Penn State’s NCAA Sanctions: The Impact On The Athletics Department

Yesterday, the NCAA levied what many consider to be unprecedented penalties upon Penn State.  Including within the NCAA’s sanctions, was the imposing of a $60 million fine to be paid by Penn State over the next five years.  This $60 million figure is clearly large, leading some to believe that while the NCAA did not impose the “death penalty” upon the football program, it nonetheless intended to decimate it.

How though, will the $60 million fine actually impact the operations of Penn State’s football program and the Penn State athletics department?  In the grand scheme of Division I athletics, Penn State has posted impressive revenues in recent years.  For 2010-11, the most recent year for which Department of Education data is available, Penn State’s athletics department reported total revenues of $116,118,026.00.  The athletics department also reported expenses of $84,498,339.00.  While many athletics directors will note that the numbers reported to the Department of Education are not inclusive of every cost incurred by an athletics department, these figures at least give some idea as to the type of budget Penn State’s athletics department is operating under.

That being said, it is arguable that at least when considering the Department of Education data, having to shell out on average $12 million per year over the next five years to comply with the NCAA’s sanctions is not going to destroy Penn State athletics.  However, the story is not that simple.  One has to take into consideration the multitude of budgetary factors Penn State’s athletics department is likely now facing as a result of the NCAA sanctions.  Along with losing sponsors like State Farm and facing a possible credit downgrade by Moody’s, Penn State athletics likely now has to rework its budget to determine where the $60 million is going to come from.

Frank Hardymon is the Associate Athletic Director – CFO at Georgia Tech.  While he can only explain the budget planning process engaged in at Georgia Tech, he notes, “I would guess our methods of planning and budgeting are similar to those utilized by other institutions.”  This planning begins the spring prior to the July 1 start of the fiscal year, when the upcoming year’s budget is completed.  “In our case, nearly every dollar which we project receiving is accounted for in the budget,” Hardymon noted.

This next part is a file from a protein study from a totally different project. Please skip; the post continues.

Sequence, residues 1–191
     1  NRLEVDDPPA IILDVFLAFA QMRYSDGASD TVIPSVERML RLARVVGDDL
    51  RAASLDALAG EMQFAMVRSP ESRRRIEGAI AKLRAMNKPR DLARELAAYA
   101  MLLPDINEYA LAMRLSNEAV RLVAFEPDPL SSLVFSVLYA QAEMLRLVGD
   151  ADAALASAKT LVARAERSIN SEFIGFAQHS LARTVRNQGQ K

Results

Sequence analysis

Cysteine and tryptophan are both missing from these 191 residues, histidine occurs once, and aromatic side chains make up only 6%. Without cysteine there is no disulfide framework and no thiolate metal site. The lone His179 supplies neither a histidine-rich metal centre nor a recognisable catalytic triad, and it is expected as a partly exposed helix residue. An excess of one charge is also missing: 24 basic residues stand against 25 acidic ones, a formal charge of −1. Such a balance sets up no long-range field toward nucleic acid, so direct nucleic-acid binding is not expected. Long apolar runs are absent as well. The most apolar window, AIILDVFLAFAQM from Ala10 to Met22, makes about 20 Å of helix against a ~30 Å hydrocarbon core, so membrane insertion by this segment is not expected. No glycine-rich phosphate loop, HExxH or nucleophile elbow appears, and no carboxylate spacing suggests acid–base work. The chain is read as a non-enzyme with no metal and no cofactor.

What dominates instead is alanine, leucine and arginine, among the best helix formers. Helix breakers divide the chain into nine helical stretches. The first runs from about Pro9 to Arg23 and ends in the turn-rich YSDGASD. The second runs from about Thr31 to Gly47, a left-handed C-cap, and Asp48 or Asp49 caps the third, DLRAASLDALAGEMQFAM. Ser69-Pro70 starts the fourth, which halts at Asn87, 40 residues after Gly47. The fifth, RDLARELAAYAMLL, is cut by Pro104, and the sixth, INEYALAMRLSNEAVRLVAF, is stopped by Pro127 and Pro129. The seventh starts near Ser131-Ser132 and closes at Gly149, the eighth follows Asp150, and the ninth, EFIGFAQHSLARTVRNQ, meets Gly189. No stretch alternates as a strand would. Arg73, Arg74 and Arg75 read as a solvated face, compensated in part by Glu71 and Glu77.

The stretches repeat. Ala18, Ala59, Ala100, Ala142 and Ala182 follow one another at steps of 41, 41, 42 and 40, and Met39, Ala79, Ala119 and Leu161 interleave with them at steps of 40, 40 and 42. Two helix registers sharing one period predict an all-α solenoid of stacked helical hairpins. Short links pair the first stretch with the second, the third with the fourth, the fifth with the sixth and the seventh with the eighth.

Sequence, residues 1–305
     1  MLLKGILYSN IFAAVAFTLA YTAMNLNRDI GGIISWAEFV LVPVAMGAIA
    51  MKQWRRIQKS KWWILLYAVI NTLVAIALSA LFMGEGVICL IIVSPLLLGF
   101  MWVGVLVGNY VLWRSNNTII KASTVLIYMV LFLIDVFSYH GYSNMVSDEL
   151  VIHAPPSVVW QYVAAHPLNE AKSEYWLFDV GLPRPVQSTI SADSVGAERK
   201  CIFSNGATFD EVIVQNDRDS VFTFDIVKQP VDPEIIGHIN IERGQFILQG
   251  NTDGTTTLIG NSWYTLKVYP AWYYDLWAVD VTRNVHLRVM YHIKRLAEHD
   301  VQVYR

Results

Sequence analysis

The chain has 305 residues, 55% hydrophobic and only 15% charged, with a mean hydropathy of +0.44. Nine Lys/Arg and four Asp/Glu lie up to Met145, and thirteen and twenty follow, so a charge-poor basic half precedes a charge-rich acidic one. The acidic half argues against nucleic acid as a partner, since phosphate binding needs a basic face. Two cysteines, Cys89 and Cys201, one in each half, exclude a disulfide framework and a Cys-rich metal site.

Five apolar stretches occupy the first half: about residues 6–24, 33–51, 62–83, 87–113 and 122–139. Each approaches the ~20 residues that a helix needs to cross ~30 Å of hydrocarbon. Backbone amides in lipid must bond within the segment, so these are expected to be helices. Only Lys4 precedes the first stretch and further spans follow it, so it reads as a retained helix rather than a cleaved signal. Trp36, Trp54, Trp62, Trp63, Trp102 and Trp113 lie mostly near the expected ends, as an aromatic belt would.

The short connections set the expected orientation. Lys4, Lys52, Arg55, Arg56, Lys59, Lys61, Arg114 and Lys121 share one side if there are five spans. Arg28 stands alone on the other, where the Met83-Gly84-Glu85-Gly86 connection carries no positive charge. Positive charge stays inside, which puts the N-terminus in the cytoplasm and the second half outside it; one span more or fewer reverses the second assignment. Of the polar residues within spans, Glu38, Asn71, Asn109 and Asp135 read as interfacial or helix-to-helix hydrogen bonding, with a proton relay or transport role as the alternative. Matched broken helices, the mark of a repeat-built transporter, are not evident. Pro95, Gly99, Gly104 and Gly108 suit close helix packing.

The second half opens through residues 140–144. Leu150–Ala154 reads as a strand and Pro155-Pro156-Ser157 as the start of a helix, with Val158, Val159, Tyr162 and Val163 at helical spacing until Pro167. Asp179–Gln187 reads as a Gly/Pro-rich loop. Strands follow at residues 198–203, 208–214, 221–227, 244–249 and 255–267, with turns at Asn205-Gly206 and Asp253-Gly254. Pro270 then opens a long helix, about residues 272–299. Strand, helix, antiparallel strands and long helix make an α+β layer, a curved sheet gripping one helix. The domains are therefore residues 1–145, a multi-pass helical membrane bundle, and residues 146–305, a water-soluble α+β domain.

Likely, a similar circumstance exists at Penn State.  While the Department of Education arguably demonstrates that the athletics department is operating with a surplus, many athletics directors are quick to note that is not the case, as not every expense an athletics department incurs is reported to the Department of Education.  As such, Penn State is likely looking towards contingency provisions in its budget to gather the money by which to pay the $60 million fine.  “We build in as much contingency as we can every year; some years we may have close to $500,000.00 in contingency factors into the budget, other years that amount is quite a bit less,” Hardymon said.

It is unknown whether Penn State’s athletics department had any contingencies built into its budget.  If so, it is highly unlikely that the contingency amount would allow for the payment of a $60 million fine.  As such, Penn State will likely have to scrape from other areas of its budget to pay the imposed fine.  Areas in which Penn State could cut from its budget would likely be from recruiting expenses, travel costs and future coaching salaries.  However, the most likely area in which Penn State could draw from is facility improvements.  While the department will have to continue paying under the loan terms for already existing improvements, it is unlikely that the athletics department will undertake any new building during the time period in which the fine is being paid.  Hardymon noted, “We also maintain a detailed five-year income projection which we update frequently.  That analysis factors in projected facility improvements needed during those five years.”

Overall, the financial sanction imposed upon Penn State by the NCAA is indeed a blow to the athletics department.  However, given Penn State’s apparent athletics revenue along with proper budgeting moving forward during the next five years, it is likely that the athletics department will be able to continue to function financially.

One thought on “Penn State’s NCAA Sanctions: The Impact On The Athletics Department”

  1. In the grand scheme of things, $60 million over five years isn’t a large amount, especially for a school whose football program brings in nearly double that amount each year. I’m mainly concerned for the non-revenue sports at Penn State, especially with the imposed fine and, likely, a decrease in income, which alters the budget projections.

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